One of the centers of Rafflesia diversity, the Philippines has 13 currently recognized species found only in five larger islands—Luzon, Samar, Panay, Negros, and Mindanao.
Three species— R. manillana, R.speciosa, and R. lobata —are found only in the Visayas, in Panay and Negros. R. speciosa is called urùy, kalò posong or agong-ong in Kiniray-a and its flowers have a diameter of 45-65 cm. R. lobata is one of the few Rafflesia species that produce aerial buds and flowers several meters above the ground.
Aside from the Philippines, Rafflesia species are found in the forests of Southeast Asia, in Thailand, Malaysia, Sumatra, Java, and Borneo. A total of 28 species have been recognized so far.
A parasitic plant that lives inside the stem and root tissues of the host plant, Rafflesia species have no leaves, chlorophyll, stems, and roots. Only its flowers emerge from the ground, as a bud. It is dependent entirely on the host plant for water and nutrients. Its host plant is the Tetrastigma vine (Vitaceae), a tropical vine related to the grape family.
Rafflesia flowers range from red, reddish orange to rusty brown, with five petal-like structures filled with whitish warts of different shapes. They are either male or female.
When in bloom, Rafflesia’s large and fleshy flowers emit the odour of rotten flesh that attracts carrion-flies, its agent of pollination. But its bloom is short-lived, from three to five days.
Tree shrews, squirrels, rats, and other forest mammals eat its fruit, and its extremely tiny seeds are most likely dispersed by ants.
Our Rafflesia species
R. Schadenbergiana is the largest Rafflesia flower in the country, with a diameter of 0.8 meters. The largest known flower in the world is R. arnoldii, from Sumatra and Borneo, whose flower can reach up to 1.5 meters in diameter and weigh up to 11 kilograms.
R. Schadenbergiana is named after Alexander V. Schadenberg (1851-1896), of Breslau, Germany, who discovered it in 1882 in Mt. Parag, Davao. Since then, it has never been seen for more than a hundred years and feared to have gone extinct. It has been rediscovered in October 1994 in Cotobato by Pascal Lays, a visiting scientist from the University of Liege in Belgium.
Schadenberg was a chemist who managed the famous Botica Boie, then the largest drugstore in the country. He was also an ethnographer and a natural history enthusiast who collected insects and plants in the Mt. Apo area in 1881-1882. His collections, including photographs, are in museums in Dresden, Vienna, Berlin, and Leiden.
R. consueloae, discovered in Nueva Ecija in 2014 by a team of biologists from the University of the Philippines, is considered as the smallest among the largest flowers of the world, with an average diameter of 9.73 cm. In contrast to other Rafflesia flowers, its flowers do not have a smelly odour, and its fruits smell like that of a young coconut. It is the sixth species from Luzon and the 13th for the entire country.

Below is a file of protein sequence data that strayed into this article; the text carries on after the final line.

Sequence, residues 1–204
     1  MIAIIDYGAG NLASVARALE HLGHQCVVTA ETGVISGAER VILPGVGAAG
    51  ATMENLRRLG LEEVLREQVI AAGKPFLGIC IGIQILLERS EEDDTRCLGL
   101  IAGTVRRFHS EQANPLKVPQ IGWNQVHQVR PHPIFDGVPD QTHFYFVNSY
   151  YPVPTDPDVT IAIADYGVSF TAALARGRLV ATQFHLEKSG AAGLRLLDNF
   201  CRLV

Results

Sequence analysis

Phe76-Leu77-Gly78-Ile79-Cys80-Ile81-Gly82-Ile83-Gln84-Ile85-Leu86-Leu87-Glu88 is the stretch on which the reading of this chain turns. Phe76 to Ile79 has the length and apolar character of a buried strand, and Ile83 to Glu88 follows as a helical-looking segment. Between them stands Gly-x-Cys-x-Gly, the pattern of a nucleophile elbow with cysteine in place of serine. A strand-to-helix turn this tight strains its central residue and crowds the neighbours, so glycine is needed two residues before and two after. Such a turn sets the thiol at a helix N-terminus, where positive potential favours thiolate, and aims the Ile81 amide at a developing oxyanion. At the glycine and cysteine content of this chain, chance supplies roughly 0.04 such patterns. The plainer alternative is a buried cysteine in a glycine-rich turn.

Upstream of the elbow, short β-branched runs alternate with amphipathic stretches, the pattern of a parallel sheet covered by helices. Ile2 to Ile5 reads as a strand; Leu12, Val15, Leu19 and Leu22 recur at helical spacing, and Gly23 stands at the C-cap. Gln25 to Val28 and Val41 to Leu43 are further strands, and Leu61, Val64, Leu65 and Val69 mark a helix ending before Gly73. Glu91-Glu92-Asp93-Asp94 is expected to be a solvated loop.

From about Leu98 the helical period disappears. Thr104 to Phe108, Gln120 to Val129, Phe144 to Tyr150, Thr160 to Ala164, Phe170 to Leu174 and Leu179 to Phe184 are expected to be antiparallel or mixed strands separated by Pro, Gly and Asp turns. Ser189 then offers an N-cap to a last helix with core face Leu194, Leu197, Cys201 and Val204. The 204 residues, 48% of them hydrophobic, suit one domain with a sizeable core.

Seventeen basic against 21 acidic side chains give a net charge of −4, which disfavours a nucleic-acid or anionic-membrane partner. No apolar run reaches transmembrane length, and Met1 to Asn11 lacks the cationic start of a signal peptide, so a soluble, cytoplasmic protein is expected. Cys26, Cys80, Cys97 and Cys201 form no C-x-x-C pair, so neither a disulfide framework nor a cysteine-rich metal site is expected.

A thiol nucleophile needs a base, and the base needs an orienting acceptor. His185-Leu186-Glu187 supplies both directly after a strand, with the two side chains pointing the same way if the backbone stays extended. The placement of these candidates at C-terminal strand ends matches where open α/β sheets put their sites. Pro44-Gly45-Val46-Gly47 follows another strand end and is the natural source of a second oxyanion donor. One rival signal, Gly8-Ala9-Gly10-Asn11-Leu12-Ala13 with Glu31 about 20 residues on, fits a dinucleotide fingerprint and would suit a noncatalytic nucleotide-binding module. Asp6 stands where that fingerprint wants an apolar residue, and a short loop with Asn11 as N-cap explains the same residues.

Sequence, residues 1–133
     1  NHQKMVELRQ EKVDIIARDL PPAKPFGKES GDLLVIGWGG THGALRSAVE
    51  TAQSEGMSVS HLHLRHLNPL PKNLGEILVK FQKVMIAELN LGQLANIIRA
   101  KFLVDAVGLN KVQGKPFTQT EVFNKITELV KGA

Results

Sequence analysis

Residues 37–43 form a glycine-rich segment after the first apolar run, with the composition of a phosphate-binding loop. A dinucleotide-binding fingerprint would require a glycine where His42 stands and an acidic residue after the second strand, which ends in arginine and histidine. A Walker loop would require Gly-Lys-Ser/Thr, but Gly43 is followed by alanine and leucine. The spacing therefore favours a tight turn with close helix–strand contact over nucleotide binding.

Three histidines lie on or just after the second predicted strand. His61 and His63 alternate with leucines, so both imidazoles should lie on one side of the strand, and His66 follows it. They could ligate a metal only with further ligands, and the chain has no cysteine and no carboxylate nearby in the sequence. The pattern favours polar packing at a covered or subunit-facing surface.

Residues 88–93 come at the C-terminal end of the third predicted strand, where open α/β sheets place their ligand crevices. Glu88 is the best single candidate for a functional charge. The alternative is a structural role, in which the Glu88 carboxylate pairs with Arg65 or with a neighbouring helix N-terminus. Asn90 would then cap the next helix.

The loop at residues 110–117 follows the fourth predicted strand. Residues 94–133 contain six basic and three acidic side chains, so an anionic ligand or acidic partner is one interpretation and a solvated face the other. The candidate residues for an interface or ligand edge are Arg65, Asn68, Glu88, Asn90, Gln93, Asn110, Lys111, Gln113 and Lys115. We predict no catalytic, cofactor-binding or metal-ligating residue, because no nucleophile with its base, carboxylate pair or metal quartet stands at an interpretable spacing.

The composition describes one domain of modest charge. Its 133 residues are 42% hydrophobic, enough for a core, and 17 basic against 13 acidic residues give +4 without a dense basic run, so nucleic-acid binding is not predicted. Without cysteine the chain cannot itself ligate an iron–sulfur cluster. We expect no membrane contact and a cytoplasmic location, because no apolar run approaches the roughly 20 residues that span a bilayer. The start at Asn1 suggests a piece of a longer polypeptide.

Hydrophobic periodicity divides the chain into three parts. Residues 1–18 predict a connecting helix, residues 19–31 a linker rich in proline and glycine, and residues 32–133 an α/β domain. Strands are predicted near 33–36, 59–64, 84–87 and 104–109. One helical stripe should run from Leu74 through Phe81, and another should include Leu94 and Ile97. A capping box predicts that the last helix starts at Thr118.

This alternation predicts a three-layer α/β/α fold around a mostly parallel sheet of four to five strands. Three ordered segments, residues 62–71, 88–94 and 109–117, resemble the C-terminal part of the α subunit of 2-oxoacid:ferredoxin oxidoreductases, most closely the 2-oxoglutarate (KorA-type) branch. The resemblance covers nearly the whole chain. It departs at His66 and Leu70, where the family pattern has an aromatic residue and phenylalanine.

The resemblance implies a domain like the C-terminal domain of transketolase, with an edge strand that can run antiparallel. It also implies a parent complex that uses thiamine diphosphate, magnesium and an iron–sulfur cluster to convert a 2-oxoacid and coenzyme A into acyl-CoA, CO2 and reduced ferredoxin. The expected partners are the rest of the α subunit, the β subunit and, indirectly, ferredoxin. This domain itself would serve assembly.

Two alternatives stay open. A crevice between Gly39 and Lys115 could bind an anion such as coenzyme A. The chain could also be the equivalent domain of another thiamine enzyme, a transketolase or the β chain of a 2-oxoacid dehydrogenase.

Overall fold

It is named in honor of Consuelo Rufino Lopez, the wife of Oscar M. Lopez, chairman emeritus of Lopez Holdings and an advocate of biodiversity conservation in the country.
The French explorer Louis Auguste Deschamps (1765-1842) stayed in Java for three years, as part of a French scientific expedition to Asia and the Pacific, where he collected a specimen of R. patma in 1797. During his return voyage in 1798, amidst the war between Britain and France, the British seized his ship and all his papers were confiscated. It was only in 1954 that the Deschamps papers were rediscovered in the Natural History Museum, London.
A British surgeon, Joseph Arnold, collected another specimen of a Rafflesia species found by a Malay servant in Sumatra in 1818 in an expedition led by Sir Stamford Raffles, the founder of modern Singapore. The generic name Rafflesia, in honor of Sir Raffles, was recognized in 1820 by the Linnean Society of London.
Seriously threatened with extinction, Rafflesia flowers are very rare with small and geographically isolated population. Critically endangered, Rafflesia species are under constant threat from widespread destruction and degradation of Philippine forests.
Habitat destruction includes logging, mining, slash-and-burn cultivation, conversion of lowland forest into farmlands, forest fires, and wildlife hunting. Other threats include the cutting of the Tetrastigma vines, and human disturbance in the guise of unsustainable ecotourism, or flower viewing by tourists.